I would guess he is right actually. But my reasoning is just that when I went to the jeweler's to buy Josh's wedding ring by paying cash I paid 20% less than the sticker price. If I had paid with credit I would have paid the full thing. People like to have their money now and will usually take less if it means they get it sooner.

I would suggest that has more to do with the exorbitant fees that VISA, Mastercard, Diner's Club, Amex, etc, all attach to doing transactions with their cards.

That's right folks, as well as scamming you for inordinate amounts of money in the form of interest, they also charge merchants a percentage of the sale when you swipe their card through that magical little machine, too.

It's nowhere near 20% though - more like 2.something, if I recall correctly.
Yes, you're right, but I'd take a 5% hit if it meant not having to give VISA or MC money they don't deserve.
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Thorned0Fortress
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Icon 11 posted February 21, 2006 15:55      Profile for Thorned0Fortress   Author's Homepage     Send New Private Message       Edit/Delete Post   Reply With Quote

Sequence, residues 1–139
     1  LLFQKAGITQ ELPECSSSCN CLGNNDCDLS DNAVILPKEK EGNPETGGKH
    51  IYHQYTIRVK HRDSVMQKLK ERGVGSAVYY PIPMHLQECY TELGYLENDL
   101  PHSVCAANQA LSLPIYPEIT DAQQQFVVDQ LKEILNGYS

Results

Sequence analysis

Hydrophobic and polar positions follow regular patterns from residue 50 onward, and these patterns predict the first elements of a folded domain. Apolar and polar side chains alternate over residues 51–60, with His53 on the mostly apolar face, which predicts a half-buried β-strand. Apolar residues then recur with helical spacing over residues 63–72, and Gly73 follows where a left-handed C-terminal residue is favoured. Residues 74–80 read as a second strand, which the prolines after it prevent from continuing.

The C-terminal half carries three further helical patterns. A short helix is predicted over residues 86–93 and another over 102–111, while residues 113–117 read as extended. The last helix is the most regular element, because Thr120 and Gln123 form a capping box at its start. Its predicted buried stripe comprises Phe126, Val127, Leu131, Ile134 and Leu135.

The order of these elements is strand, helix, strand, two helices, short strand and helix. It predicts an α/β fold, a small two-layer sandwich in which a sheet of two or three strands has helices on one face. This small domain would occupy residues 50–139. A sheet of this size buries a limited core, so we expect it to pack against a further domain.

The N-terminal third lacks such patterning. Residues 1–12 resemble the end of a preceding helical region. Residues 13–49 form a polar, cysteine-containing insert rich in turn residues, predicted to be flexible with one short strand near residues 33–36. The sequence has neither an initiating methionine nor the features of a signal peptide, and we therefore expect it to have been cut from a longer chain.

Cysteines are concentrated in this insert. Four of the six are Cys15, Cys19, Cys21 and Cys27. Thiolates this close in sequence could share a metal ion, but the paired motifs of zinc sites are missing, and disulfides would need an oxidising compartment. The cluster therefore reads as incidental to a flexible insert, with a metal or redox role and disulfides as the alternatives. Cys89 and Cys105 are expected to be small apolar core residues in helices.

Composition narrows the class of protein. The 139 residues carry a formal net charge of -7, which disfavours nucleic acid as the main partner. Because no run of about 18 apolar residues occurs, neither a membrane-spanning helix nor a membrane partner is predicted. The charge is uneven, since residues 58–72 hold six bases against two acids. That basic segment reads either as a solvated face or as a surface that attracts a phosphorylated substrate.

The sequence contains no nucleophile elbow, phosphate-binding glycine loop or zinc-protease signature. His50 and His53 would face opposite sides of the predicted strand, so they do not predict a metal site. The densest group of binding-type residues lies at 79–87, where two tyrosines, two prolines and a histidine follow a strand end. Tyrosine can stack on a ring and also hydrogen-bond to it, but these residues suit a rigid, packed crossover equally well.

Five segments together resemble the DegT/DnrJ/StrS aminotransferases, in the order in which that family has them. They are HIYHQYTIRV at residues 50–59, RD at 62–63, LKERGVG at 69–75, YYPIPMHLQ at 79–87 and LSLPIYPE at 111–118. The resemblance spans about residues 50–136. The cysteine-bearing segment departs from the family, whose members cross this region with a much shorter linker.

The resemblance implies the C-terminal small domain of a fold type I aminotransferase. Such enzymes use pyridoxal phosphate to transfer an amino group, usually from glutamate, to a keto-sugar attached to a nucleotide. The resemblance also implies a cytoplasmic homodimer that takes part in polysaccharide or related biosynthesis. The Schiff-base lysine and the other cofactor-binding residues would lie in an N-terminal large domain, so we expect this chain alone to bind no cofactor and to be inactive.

I agree with posts from the first page on having my own staff of employees (all illegal immigrants from various coutries so I can 'see the world') and on having a wonderful bathroom.
You can't live on this money, of course, seeing as many people who win the lottery are broke within five years.
I would shop a little .... get a nice house, car, and some clothes... ect.
I would invest, get a famous skater boyfriend,and ditch him for a more sensetive geek. I would continue to work, but not as hard.

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magefile
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Icon 1 posted February 21, 2006 15:58      Profile for magefile     Send New Private Message       Edit/Delete Post   Reply With Quote 
quote:
Originally posted by ChildeRoland:
don't you try calling your doctor and/or dentist, Magefile?

Because I'm one of the "lucky" few for whom medical expenses far outweigh my premiums. If you don't go to the doctor all that often, it may be cheaper to pay cash; and it's possible (although I'm still skeptical) that I would pay less than my insurance company pays. But even if you don't use medical services all that often, you're still taking a hell of a gamble - CORBA only forces insurance companies to cover pre-existing conditions if you haven't forgone coverage for more than 6 months.